Washington (AFP) – US President Barack Obama warned Monday that the future stability of the world depends on African nations achieving prosperity and self-reliance, in an address to youth leaders from the continent.
"The security and prosperity and justice that we seek in the world cannot be achieved without a strong and prosperous and self-reliant Africa," he said, kicking off a major African diplomatic push.
"Next week I'll host a truly historic event, the US-Africa Leaders Summit," he said. "It will be the largest gathering any American president has hosted with African heads of state and government."
Next week's meeting will bring around 50 African leaders to Washington — almost all of them, with the exception of pariah figures like Zimbabwe's Robert Mugabe and Sudan's Omar al-Bashir.
Obama, born in the United States to a Kenyan father and American mother, is the first US president of part African descent, but has sometimes been accused of neglecting relations with the continent.
He announced plans for the major summit in June last year during his first major tour of African countries — South Africa, Senegal and Tunisia.
"And the summit reflects a principle that has guided my approach to Africa ever since I became president, that the security and prosperity and justice that we seek in the world cannot be achieved without a strong and prosperous and self-reliant Africa," he said.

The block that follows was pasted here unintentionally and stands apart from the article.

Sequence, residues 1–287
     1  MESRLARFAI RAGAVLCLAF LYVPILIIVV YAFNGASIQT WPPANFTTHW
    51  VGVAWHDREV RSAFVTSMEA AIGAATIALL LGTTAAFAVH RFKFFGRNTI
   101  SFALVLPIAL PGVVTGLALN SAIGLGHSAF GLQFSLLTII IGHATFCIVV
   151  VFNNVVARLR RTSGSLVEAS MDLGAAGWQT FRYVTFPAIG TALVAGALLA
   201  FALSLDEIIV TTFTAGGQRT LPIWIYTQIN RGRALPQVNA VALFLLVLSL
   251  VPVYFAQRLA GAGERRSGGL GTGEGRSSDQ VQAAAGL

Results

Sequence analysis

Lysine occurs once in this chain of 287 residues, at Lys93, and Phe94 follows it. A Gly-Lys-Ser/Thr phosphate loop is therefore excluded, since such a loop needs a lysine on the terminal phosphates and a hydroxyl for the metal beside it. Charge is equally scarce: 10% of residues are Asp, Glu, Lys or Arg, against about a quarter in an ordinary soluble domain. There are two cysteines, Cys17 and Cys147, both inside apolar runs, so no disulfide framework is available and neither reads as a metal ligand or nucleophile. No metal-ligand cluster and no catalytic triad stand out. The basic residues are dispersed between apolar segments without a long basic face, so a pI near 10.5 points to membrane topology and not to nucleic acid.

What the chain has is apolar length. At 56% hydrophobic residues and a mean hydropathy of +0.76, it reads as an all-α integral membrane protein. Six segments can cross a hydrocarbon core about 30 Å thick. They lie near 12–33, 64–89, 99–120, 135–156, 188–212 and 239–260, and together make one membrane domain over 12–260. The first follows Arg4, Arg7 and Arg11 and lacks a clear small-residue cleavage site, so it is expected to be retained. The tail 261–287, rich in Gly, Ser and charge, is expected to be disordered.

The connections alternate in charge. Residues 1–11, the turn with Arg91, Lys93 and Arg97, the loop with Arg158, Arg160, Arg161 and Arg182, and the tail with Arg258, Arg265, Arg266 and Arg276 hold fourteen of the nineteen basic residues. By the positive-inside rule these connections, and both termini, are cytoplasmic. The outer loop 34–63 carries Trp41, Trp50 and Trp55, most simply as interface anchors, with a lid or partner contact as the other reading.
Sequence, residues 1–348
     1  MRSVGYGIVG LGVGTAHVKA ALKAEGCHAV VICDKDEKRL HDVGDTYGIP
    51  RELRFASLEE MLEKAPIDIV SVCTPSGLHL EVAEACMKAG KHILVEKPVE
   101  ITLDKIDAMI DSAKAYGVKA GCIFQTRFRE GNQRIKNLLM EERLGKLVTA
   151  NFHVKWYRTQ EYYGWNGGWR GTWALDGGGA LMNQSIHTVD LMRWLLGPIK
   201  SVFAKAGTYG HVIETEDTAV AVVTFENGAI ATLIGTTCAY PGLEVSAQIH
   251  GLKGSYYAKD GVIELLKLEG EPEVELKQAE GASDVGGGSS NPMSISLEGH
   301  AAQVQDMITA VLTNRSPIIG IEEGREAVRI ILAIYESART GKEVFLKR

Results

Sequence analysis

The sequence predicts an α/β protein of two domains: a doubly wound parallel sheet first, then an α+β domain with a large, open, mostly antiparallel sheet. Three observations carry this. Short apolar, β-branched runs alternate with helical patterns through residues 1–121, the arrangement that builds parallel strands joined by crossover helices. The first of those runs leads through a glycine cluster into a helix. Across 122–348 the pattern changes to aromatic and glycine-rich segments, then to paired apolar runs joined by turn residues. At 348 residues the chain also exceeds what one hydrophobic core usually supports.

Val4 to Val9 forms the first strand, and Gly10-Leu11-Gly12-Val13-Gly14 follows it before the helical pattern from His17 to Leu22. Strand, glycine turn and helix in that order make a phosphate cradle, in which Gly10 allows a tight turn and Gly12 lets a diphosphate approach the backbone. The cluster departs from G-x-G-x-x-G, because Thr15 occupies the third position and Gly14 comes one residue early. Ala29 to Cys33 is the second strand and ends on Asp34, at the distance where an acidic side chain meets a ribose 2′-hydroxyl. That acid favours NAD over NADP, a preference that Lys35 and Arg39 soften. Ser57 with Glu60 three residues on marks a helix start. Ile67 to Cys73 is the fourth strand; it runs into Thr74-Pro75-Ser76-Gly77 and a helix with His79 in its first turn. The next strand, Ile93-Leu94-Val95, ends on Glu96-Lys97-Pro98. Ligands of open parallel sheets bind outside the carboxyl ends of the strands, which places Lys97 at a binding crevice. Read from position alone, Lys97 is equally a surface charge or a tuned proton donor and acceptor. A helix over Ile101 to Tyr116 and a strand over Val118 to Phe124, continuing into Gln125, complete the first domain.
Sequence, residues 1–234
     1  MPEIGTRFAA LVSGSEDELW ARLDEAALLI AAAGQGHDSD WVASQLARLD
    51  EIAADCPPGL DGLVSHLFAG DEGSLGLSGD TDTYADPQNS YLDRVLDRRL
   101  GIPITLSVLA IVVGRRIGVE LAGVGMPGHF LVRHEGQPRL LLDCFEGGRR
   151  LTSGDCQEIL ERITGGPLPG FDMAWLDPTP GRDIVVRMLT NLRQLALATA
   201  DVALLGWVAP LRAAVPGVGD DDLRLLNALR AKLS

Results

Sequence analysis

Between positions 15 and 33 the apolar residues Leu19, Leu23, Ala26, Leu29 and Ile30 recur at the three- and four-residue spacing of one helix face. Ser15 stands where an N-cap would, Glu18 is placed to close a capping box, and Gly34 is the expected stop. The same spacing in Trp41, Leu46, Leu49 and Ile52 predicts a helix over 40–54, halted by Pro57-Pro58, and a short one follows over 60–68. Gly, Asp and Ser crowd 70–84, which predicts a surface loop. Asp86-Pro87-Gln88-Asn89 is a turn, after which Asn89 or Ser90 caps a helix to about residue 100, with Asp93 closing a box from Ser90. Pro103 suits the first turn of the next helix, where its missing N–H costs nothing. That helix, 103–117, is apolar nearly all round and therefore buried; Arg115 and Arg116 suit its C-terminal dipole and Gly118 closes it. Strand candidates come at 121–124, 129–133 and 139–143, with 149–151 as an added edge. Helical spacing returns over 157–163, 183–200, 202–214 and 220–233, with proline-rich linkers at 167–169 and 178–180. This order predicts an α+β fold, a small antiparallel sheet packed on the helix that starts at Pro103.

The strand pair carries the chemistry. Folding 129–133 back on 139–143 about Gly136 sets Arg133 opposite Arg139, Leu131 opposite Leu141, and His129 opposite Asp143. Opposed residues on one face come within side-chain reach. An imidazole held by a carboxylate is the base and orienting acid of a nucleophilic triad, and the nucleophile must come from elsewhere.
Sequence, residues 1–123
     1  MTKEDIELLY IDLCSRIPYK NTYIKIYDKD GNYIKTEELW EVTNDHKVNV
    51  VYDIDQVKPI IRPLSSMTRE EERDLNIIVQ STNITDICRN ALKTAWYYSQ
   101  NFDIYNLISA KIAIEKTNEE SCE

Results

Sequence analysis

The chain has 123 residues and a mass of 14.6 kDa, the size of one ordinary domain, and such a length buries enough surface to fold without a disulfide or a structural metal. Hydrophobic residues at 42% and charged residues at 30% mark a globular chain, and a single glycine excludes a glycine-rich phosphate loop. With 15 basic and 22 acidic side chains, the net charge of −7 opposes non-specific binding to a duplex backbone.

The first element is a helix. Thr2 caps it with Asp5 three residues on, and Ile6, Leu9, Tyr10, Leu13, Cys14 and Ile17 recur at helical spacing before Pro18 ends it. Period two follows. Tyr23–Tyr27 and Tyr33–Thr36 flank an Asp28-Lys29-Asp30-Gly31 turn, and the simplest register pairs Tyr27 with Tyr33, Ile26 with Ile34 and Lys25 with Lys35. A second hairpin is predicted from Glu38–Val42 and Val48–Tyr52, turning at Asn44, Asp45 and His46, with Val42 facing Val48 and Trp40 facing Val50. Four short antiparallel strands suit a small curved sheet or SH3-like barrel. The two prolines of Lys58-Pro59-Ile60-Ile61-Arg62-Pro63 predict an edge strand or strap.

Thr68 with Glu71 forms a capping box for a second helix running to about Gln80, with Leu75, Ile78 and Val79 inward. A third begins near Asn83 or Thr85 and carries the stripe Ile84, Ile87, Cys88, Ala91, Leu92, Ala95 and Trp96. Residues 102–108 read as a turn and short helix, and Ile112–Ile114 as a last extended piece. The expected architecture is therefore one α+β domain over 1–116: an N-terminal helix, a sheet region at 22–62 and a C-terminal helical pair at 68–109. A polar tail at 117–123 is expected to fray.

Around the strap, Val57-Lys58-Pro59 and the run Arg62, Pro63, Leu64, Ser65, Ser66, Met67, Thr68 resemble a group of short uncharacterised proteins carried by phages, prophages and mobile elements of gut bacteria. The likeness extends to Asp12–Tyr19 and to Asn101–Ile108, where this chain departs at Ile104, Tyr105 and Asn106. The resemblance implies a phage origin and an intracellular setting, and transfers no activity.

"And even as we deal with crises and challenges in other parts of the world that often dominate our headlines, even as we acknowledge the real hardships that so many Africans face every day, we have to make sure that we're seizing the extraordinary potential of today's Africa, which is the youngest and fastest growing of the continents."
Asked by one of the 500 young people in the US capital as part of the Washington Fellowship for Young African Leaders what Africa can do for itself, Obama underlined the importance of the "rule of law, of respect for civil rights and human rights."
"Regardless of the resources a country possesses, if you don't have a basic system of rule of law, of respect for civil rights and human rights, if you don't respect basic freedom of speech and freedom of assembly, if you don't have those basic mechanisms, it is very rare for a country to succeed over the long term," he said.